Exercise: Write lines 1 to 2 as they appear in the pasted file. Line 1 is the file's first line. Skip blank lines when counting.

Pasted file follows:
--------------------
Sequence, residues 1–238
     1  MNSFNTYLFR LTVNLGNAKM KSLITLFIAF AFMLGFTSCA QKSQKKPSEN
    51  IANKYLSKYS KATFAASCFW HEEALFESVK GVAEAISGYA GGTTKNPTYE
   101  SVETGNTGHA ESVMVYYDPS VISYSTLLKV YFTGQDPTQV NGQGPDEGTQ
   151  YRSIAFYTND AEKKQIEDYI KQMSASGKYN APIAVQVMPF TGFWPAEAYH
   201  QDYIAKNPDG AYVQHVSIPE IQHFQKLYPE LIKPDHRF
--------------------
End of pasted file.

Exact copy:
Sequence, residues 1–238
     1  MNSFNTYLFR LTVNLGNAKM KSLITLFIAF AFMLGFTSCA QKSQKKPSEN